Dr. H: Your government could be doing a better job stockpiling Tamiflu, the antiviral drug. In May the US had 2.3 million doses stockpiled. We recently ordered another 3 million doses. That's 5.3 million doses total. At that rate, there would be 61.5 million Americans who could be infected but would not receive antiviral medication. What can you do? Get involved! Get the health food industry involved. Support your local health department! Contact your congresspersons. TFAH just released (on October 12th) a "Checklist of Concerns" at a briefing on Capitol Hill in DC, about pandemic flu preparedness. We issued a top-ten list of concerns. The Bush administration announced that they expect to release a revised national plan sometime later this month (October). We want to make sure that the plan incorporates views of leading health and science experts. And more importantly, we want to make sure the plan gets adequate funding. It's important that while we recognize the potential dangers of a pandemic, we also recognize that there's a lot we can do to improve our preparedness in the interim. We need to remain prepared for this pandemic, but not panicked.
TW: Could you summarize the checklist of concerns for us?
Dr. H: Yes. We need a single high-level official who is responsible for coordinating the government's response. So, question one is, who is in charge? Next, how will we track the disease globally and anticipate its spread to the US? What mechanism will we have in place to identify the existence of a pandemic outbreak in the US? What can we do to build vaccine capacity and ensure enough for the entire American population? Is the US planning to purchase enough antiviral medication for 25% of the population likely to get sick in a pandemic? Is there funding for other antiviral research? That's important. As I mentioned before, do we have sufficient stockpiles of emergency medical supplies? We could expect a run on the hospitals. We call this "surge capacity." How do the various levels of planning from local to state to federal all work together to support surge capacity? How do we educate and what authority do we have to discipline the public on necessary health measures like quarantines, restrictions on public gatherings, travel, and on the use of masks? An emergency of this magnitude will require a huge public communications effort to educate the public and it needs to take place before the pandemic hits. Are we funding this? How do we get the word out to all sectors of the economy and society, including government, that they need to have contingency plans for how to continue to function in the case of severe absenteeism? Lastly, and most importantly, does the federal plan include a request to Congress for enough resources to implement it?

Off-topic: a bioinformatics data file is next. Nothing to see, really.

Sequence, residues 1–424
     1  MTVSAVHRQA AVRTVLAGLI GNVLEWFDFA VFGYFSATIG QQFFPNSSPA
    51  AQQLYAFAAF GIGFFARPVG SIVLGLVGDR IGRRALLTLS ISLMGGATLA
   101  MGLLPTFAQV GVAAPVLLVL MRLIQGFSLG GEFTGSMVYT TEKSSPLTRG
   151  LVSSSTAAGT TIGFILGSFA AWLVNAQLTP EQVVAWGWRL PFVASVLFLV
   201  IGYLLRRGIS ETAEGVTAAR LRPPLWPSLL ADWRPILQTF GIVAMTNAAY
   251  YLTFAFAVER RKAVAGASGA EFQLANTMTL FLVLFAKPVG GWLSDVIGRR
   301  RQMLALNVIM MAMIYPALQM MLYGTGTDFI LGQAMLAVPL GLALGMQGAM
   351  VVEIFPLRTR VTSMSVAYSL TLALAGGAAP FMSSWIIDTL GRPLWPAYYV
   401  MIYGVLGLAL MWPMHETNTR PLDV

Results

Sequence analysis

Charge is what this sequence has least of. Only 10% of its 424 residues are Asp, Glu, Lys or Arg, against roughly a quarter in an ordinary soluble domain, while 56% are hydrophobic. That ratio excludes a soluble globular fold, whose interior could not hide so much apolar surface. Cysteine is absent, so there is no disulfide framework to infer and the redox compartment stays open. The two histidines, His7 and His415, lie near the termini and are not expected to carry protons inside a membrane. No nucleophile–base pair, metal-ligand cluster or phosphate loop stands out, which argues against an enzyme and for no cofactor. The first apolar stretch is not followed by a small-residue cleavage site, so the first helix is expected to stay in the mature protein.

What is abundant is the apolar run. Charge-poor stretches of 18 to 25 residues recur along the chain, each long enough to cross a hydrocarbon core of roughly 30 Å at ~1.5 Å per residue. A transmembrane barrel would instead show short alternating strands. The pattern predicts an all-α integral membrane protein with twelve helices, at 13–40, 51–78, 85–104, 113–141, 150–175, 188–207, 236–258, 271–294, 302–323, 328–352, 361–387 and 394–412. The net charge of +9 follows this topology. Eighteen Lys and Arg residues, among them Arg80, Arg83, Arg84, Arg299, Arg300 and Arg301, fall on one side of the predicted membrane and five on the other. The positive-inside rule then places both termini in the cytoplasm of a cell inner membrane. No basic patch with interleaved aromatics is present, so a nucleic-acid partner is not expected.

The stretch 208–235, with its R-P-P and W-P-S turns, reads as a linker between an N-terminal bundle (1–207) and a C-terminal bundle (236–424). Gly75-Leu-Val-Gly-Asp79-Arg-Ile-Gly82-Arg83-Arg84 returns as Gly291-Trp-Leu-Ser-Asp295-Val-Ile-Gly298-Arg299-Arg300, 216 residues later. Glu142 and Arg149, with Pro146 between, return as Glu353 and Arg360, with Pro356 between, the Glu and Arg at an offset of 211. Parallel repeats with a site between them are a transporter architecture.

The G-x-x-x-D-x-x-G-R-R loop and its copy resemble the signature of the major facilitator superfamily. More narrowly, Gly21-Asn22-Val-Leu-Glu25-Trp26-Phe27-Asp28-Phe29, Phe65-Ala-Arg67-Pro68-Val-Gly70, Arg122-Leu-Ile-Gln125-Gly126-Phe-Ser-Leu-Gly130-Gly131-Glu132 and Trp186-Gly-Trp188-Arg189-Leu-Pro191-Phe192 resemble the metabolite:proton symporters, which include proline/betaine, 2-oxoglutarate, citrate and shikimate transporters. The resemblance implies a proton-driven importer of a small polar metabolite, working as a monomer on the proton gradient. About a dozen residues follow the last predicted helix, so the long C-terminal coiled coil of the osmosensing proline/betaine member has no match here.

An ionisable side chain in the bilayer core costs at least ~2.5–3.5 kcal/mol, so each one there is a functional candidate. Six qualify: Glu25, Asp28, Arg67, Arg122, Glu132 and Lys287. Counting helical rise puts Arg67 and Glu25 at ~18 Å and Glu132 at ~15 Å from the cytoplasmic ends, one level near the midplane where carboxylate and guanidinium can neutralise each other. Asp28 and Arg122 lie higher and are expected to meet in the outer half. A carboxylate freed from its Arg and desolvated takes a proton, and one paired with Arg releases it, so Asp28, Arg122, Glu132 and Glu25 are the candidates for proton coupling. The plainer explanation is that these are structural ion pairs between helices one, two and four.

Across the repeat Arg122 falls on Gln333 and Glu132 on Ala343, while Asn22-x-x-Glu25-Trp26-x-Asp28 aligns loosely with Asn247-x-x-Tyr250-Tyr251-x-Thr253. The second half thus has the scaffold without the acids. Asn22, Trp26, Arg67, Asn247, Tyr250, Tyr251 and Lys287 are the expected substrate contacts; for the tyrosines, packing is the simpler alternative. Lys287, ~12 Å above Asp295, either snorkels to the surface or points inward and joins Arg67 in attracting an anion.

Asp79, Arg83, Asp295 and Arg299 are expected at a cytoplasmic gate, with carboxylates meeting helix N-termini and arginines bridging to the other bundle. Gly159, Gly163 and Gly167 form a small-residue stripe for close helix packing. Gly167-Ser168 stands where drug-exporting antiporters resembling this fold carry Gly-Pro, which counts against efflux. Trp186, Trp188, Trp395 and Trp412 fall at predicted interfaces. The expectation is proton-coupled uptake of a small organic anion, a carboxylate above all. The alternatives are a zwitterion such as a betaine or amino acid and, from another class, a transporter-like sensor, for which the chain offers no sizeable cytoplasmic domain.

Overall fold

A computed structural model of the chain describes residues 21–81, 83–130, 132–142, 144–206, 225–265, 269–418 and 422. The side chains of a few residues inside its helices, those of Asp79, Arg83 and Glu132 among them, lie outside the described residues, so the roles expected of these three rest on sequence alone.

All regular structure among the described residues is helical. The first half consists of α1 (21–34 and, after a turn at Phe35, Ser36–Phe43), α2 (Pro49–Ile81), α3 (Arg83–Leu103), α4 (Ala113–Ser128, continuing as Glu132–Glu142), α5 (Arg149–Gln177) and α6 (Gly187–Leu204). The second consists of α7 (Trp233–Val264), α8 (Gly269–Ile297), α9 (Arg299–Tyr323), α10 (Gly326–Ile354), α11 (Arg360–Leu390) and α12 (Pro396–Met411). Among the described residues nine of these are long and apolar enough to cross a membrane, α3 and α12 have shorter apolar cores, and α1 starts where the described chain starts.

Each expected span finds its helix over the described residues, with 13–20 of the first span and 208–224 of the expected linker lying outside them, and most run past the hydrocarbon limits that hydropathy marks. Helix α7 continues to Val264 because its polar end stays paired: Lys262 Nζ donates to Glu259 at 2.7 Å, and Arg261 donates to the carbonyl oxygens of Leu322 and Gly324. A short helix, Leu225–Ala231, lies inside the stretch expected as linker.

TW: And will Congress have the foresight to pass it?
Dr. H: Good question.
TW: Dr. Hearne, I'd like to thank you for taking the time to do this interview. And thank you for the important work you?re doing.
Dr. H: My pleasure. If anyone would care to see the Killer Flu report I mentioned, you can find that and more at our website address: http://healthyamericans.org/reports/flu.
TW: Thank you!
Todd Williams wears many hats at Source Naturals.